Looking for Goldilocks in Watersmeet forest!

Watersmeet is a place that I have been to on several occasions and it is always a challenge. Accompanied by my brother-in-law on his first steps into landscape photography I felt that a gentle introduction to early o’clock was needed: 6 am meet up. As opposed to the usual mind numbing 4 am start at this time of the year. That really is a case of just have your gear by the door and go to bed dressed. Don’t think just go.

Colour was in the sky as we drove along the deserted roads of North Devon heading towards Lynton but that was not our aim. The dark lush valley’s of East Lyn and Hoar Oak Water merge together to form one of the deepest gorges in the country. At this time of year I knew that it would be a vibrant green and above all else, this year there would be plenty of water! However dark valley’s and early morning starts would also mean that there would be quite a lot of “looking” to find a suitable image.

As Rock happily trudged along the steep paths of Watersmeet with his light pack, I felt like a mule with my 20kg of gear strapped to my back. Sometimes I do wonder why I got into this. Maybe I should take up painting! Once our eyes had started seeing the opportunities were boundless. Too often people walk without noticing what is going on next to them or at their feet. Nature has a way of providing images everywhere, if you take the opportunity to slow down. Maybe my pack is a good idea after all – a perceptive anchor!

Ferns in perfect symmetry, grasses in gentle cascades and even the leaves of brambles were all suitable prey. I don’t formally “teach” photography and my time that morning gave me new found respect for those who do – trying to explain the intricacies of composition when using someone else’s gear is difficult. It also proves the maxim of the need to get familiar with your own gear before you head out.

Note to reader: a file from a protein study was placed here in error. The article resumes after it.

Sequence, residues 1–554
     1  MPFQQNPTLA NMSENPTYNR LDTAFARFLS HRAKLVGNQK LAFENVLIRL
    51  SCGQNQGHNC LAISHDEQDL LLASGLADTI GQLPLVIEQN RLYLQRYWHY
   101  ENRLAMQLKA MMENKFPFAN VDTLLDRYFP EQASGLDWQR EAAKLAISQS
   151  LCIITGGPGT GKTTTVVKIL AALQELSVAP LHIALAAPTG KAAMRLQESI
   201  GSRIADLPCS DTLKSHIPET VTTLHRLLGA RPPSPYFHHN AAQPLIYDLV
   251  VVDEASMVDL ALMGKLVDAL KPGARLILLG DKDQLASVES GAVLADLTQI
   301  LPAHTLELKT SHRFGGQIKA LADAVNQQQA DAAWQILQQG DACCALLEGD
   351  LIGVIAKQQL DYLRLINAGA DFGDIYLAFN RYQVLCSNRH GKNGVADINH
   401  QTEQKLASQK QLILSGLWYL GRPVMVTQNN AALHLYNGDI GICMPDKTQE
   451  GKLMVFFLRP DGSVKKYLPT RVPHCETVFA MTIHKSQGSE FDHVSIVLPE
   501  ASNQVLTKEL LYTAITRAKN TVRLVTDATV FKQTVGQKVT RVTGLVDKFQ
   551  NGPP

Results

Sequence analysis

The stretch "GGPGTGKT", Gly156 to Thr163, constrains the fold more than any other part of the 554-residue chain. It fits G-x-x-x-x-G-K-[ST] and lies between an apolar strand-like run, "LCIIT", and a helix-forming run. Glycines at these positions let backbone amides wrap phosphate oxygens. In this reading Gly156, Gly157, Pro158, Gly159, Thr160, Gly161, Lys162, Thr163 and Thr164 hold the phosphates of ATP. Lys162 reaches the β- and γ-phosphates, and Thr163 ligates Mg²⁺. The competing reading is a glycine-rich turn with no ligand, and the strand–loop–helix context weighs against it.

The River Lyn is difficult to get to. Tantalising glimpses of falls and rock pools abound as the path winds its way up the valley. But frustratingly they didn’t build the path with photographers in mind. The viewing platforms present clich├ęd views of certain parts of the river. Generally nice but not image worthy. Off road landscape photography is called for and it’s at that point I usually wish that I had brought crampons and a rope. That 20kg pack I mentioned made me very concious of falling head over arse down the side of the gorge.

Still after a suitable amount of stumbling and sliding we were at the edge of the River Lyn. It was pot luck really. We had no idea what we would find and in all honesty I probably would never find it again.

The thick green canopy all around, punctured by the overcast sky above meant that the water turned green. I had guessed it would. I had everything crossed that I’d fine something “worthy.” We fumbled with gear and tripods until the composition worked its way and then I let time and water do their thing. Not too much to remove all texture from the water. Just enough to not blow out the whiteness by over exposing.

Really – the Goldilocks combination. Once I had finished porridge and bed were next on the list!

River Lyn, Watersmeet

[Canon 5d MkII, 24-70mm, ISO 100, 1 sec F13]

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